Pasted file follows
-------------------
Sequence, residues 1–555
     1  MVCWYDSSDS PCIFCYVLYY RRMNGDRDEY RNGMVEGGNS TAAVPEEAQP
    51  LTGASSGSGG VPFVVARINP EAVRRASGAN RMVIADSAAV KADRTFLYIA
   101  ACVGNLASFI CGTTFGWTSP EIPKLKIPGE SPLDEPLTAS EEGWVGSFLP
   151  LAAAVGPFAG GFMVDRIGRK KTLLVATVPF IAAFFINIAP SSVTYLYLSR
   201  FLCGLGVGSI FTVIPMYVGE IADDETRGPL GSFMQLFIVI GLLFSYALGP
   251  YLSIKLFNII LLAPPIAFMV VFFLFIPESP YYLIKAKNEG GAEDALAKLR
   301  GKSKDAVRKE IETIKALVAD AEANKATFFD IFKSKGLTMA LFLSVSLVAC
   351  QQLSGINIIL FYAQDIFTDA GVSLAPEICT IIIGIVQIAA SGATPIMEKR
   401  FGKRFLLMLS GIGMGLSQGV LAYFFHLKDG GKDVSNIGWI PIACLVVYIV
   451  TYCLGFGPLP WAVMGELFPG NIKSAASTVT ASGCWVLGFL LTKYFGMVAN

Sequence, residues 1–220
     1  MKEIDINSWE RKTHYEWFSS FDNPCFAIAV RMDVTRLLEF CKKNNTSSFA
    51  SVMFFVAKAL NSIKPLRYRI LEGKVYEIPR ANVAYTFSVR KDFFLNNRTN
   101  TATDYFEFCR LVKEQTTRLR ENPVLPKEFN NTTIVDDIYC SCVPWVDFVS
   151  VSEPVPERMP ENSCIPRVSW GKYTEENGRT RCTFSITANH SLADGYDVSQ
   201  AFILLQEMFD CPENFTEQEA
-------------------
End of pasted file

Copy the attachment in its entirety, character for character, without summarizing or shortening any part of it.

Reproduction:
Sequence, residues 1–555
     1  MVCWYDSSDS PCIFCYVLYY RRMNGDRDEY RNGMVEGGNS TAAVPEEAQP
    51  LTGASSGSGG VPFVVARINP EAVRRASGAN RMVIADSAAV KADRTFLYIA
   101  ACVGNLASFI CGTTFGWTSP EIPKLKIPGE SPLDEPLTAS EEGWVGSFLP
   151  LAAAVGPFAG GFMVDRIGRK KTLLVATVPF IAAFFINIAP SSVTYLYLSR
   201  FLCGLGVGSI FTVIPMYVGE IADDETRGPL GSFMQLFIVI GLLFSYALGP
   251  YLSIKLFNII LLAPPIAFMV VFFLFIPESP YYLIKAKNEG GAEDALAKLR
   301  GKSKDAVRKE IETIKALVAD AEANKATFFD IFKSKGLTMA LFLSVSLVAC
   351  QQLSGINIIL FYAQDIFTDA GVSLAPEICT IIIGIVQIAA SGATPIMEKR
   401  FGKRFLLMLS GIGMGLSQGV LAYFFHLKDG GKDVSNIGWI PIACLVVYIV
   451  TYCLGFGPLP WAVMGELFPG NIKSAASTVT ASGCWVLGFL LTKYFGMVAN

Sequence, residues 1–220
     1  MKEIDINSWE RKTHYEWFSS FDNPCFAIAV RMDVTRLLEF CKKNNTSSFA
    51  SVMFFVAKAL NSIKPLRYRI LEGKVYEIPR ANVAYTFSVR KDFFLNNRTN
   101  TATDYFEFCR LVKEQTTRLR ENPVLPKEFN NTTIVDDIYC SCVPWVDFVS
   151  VSEPVPERMP ENSCIPRVSW GKYTEENGRT RCTFSITANH SLADGYDVSQ
   201  AFILLQEMFD CPENFTEQEA